Civil War Artillery





Any firearms larger than small arms, which include handguns, muskets, and rifles, are called cannon or artillery. Cannons come in all shapes and sizes and are categorized as either smoothbore or rifled. Additional distinctions relate to the weight, in pounds, of the fired projectile; the size of a barrel’s bore diameter, or caliber; the method of loading (muzzle or breech); and the trajectory, or flight arc, of the projectiles. The short-barreled cannons called mortars had a high trajectory, and the long-barreled cannons called guns had a flat trajectory. The trajectory of a howitzer-a cannon with a barrel longer than that of a mortar but shorter than that of a gun-was in between that of a mortar and a gun.

Often, cannons were named after their inventors or after the factory that produced them. Examples include Dahlgren, Napoleon, Parrott, and Whitworth. Civil War cannons were made of bronze, iron, or steel. Both sides favored the Napoleon, a muzzle-loaded, smoothbore, 12-pound gun-howitzer. The Napoleon was named after Louis Napoleon-Emperor Napoleon III of France-who directed its development. The United States added the Napoleon to its arsenal four years before the start of the war. A versatile gun, the Napoleon was used both to attack and to defend positions. Effective up to 1,700 yards (1,554 meters), the Napoleon’s range extended another 800 yards (732 meters). This smoothbore cannon was capable of firing canister shot with deadly precision. Additionally, the weapon was comparatively light and easy to transport. This made it a popular component in artillery units.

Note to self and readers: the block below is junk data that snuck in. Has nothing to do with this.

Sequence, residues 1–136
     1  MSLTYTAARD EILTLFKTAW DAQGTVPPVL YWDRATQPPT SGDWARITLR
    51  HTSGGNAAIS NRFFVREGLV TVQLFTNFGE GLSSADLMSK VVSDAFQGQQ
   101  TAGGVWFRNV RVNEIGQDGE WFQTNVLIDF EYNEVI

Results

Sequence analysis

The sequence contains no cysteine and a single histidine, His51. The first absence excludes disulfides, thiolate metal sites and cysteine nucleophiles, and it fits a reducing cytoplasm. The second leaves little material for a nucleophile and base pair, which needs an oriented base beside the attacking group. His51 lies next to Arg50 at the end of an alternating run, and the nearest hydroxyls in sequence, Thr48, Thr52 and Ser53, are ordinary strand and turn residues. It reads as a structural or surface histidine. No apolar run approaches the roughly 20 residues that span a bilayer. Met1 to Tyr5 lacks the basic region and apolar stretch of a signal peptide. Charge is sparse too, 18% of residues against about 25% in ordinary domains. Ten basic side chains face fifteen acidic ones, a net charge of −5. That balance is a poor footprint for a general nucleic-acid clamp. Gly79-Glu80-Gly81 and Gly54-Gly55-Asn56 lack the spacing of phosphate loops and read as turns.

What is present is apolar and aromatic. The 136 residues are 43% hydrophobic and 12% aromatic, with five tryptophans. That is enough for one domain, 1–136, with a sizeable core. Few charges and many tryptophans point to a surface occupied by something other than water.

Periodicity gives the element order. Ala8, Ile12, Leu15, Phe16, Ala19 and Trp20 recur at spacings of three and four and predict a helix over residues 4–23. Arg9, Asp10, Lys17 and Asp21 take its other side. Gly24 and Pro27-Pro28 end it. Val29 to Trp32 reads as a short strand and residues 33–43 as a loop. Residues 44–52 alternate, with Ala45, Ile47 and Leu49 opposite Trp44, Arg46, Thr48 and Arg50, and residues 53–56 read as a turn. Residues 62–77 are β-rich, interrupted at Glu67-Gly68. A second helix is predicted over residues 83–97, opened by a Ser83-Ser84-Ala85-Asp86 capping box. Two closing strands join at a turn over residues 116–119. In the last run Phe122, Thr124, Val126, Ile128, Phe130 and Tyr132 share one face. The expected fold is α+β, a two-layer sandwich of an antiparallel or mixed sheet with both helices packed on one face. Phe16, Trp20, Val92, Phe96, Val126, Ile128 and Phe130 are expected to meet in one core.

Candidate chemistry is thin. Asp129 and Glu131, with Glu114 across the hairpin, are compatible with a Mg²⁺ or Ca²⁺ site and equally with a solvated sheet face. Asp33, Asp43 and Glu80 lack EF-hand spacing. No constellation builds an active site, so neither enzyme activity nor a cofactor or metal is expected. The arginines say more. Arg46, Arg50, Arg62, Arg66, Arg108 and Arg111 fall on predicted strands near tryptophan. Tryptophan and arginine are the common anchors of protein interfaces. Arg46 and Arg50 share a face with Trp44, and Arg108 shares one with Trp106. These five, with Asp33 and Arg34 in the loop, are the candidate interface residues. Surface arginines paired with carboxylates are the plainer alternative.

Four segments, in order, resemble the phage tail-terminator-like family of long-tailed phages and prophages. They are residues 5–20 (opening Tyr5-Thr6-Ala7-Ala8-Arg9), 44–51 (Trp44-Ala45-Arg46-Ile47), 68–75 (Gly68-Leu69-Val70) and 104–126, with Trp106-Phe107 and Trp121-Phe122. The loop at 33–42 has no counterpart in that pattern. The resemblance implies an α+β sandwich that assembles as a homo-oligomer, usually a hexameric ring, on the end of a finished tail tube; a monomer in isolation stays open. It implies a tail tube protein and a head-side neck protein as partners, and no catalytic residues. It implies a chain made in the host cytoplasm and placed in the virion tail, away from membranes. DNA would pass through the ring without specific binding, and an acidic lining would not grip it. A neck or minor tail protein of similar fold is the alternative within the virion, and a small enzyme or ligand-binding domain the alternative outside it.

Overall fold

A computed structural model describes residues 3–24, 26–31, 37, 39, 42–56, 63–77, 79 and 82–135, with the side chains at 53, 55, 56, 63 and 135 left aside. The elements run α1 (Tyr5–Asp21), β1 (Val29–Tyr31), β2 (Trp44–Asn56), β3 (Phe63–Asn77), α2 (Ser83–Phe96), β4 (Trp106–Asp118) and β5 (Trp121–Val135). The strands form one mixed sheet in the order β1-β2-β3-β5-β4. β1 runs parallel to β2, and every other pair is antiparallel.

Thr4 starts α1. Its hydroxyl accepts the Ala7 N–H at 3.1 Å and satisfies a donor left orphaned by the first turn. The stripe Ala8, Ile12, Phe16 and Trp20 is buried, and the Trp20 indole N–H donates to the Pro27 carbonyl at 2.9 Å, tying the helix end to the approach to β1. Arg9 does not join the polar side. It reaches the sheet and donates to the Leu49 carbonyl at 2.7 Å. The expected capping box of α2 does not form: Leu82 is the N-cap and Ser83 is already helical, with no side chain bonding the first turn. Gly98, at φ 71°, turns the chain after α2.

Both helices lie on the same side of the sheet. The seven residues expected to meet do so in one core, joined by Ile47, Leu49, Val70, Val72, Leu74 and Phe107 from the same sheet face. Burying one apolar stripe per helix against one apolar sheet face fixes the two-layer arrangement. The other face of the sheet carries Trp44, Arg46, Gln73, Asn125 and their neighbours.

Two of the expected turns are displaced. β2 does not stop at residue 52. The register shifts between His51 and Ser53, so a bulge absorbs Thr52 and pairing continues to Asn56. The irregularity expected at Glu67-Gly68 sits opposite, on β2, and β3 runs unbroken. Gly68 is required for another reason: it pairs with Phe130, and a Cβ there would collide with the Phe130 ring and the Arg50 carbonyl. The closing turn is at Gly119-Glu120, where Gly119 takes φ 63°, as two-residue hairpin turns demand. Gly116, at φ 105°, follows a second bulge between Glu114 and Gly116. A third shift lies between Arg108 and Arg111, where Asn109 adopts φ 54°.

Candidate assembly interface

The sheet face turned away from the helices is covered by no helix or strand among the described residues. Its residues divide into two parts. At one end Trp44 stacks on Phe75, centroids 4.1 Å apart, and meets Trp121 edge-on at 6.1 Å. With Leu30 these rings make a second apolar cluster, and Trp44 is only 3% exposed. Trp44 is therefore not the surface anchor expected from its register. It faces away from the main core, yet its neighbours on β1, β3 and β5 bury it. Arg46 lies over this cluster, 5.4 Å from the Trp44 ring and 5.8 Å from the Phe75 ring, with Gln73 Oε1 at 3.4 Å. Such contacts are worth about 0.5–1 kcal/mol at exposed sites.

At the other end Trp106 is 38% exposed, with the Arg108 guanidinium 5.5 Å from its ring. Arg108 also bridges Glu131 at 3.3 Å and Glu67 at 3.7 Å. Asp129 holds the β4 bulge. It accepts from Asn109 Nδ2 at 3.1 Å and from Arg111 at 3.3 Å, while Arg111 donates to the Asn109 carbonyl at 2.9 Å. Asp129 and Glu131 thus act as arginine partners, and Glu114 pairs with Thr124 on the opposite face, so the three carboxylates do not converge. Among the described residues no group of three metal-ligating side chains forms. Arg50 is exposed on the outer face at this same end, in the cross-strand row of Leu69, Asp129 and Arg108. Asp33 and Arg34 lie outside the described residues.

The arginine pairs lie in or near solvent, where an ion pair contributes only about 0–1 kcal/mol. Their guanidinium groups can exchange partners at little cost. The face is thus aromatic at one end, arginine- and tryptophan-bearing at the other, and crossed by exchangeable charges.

The 10-pound Parrott was the most commonly used rifled artillery piece in the war. The Parrott could fire a projectile about 2,300 yards (2,100 meters) and packed a powerful punch against defensive works. The Union used rifled cannon such as the Parrot in the sieges of Vicksburg in 1863 and Atlanta in 1864. In order to fire accurately, however, gunners needed to spot their target visually. This limited the effective range of rifled cannon. Consequently, the shorter-ranged, smoothbore Napoleons provided sufficient accuracy for most Civil War artillery units.